Cognitive Behavior and Green Building

The following is a summary from a recent meeting of the building health initiative group, sponsored by USGBC Norcal in San Francisco.  Thanks to Brenden McEneaney for arranging the meeting and recapping it so eloquently.  And also to Dr. Joe Allen from Harvard's Chan School of Public Health for raising awareness on a very important yet under reported topic.  

Summary of Harvard Lecture on Cognitive Function / Green Building:

Dr. Joe Allen of Harvard’s Chan School of Public Health recently presented his work on green buildings and cognitive function. The groundbreaking study exposed office occupants to varying levels of CO2, ventilation, and VOCs and then measured subjects performance on critical tasks in areas like information seeking, strategy, and task orientation. On average, cognitive scores were 61% higher in buildings with low VOC levels and 101% higher in buildings that also had higher ventilation rates. Dr. Allen’s team has also done a cost/benefit analysis on providing extra ventilation, looking at energy prices and weather conditions in 7 different climates around the country. They found that on average, spending $14-40 per person per year in extra ventilation could yield an 8% increase in productivity. That means $6500 per person per year in salary productivity improvements, and those numbers look even better when an energy recovery ventilator is used to reduce the additional energy costs. These cost impacts do not include the multiple healthcare-related savings that come from providing better air quality.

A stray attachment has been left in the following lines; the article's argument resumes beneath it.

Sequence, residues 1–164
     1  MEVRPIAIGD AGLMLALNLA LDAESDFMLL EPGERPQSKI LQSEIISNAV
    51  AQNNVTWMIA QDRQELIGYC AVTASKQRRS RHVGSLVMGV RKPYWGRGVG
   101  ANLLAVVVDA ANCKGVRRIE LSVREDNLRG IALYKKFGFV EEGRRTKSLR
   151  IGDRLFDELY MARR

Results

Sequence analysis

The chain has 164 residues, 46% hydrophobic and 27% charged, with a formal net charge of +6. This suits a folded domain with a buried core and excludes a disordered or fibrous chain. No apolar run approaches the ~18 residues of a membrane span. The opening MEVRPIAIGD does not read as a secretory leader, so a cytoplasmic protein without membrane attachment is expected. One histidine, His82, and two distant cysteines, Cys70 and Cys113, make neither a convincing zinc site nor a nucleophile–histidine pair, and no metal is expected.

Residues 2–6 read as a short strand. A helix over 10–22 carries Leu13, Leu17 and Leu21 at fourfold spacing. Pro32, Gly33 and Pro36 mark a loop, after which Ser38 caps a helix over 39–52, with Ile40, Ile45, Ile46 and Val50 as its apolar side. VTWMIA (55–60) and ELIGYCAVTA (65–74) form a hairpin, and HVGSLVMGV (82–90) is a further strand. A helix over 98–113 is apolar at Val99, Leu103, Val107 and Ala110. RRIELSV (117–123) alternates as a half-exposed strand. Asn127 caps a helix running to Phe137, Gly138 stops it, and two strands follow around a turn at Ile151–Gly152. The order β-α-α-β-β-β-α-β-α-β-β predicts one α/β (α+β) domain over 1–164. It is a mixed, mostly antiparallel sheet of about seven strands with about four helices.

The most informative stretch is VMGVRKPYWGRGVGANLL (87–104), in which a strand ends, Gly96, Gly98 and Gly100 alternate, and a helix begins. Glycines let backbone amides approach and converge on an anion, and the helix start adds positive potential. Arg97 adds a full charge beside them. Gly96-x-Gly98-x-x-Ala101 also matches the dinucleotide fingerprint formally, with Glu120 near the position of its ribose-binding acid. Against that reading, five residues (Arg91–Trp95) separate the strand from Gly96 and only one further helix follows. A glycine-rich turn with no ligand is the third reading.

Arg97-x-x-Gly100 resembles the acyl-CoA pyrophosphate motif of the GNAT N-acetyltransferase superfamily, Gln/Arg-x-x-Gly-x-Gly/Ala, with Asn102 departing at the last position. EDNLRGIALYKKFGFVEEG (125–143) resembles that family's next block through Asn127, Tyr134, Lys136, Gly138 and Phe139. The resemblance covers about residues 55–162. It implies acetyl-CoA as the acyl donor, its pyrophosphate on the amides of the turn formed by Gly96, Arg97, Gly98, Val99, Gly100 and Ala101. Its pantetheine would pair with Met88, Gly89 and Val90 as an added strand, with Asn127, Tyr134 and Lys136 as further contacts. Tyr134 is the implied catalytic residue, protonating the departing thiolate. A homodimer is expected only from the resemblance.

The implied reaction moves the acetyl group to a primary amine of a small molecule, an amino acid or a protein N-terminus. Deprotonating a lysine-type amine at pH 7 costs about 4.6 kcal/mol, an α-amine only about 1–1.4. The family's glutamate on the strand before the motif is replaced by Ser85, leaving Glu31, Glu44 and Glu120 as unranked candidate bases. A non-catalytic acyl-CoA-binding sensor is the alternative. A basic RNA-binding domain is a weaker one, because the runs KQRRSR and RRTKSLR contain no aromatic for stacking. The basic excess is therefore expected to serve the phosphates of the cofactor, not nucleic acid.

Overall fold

The study has indicated that CO2 levels affect human wellbeing at much lower levels than previously thought and it also suggests that we may need to rethink existing standards on air quality in buildings. Future work will dive deeper on real world office applications of this study and also on increasing use of sensor technology to improve understanding of space-level and individual-level environmental attributes.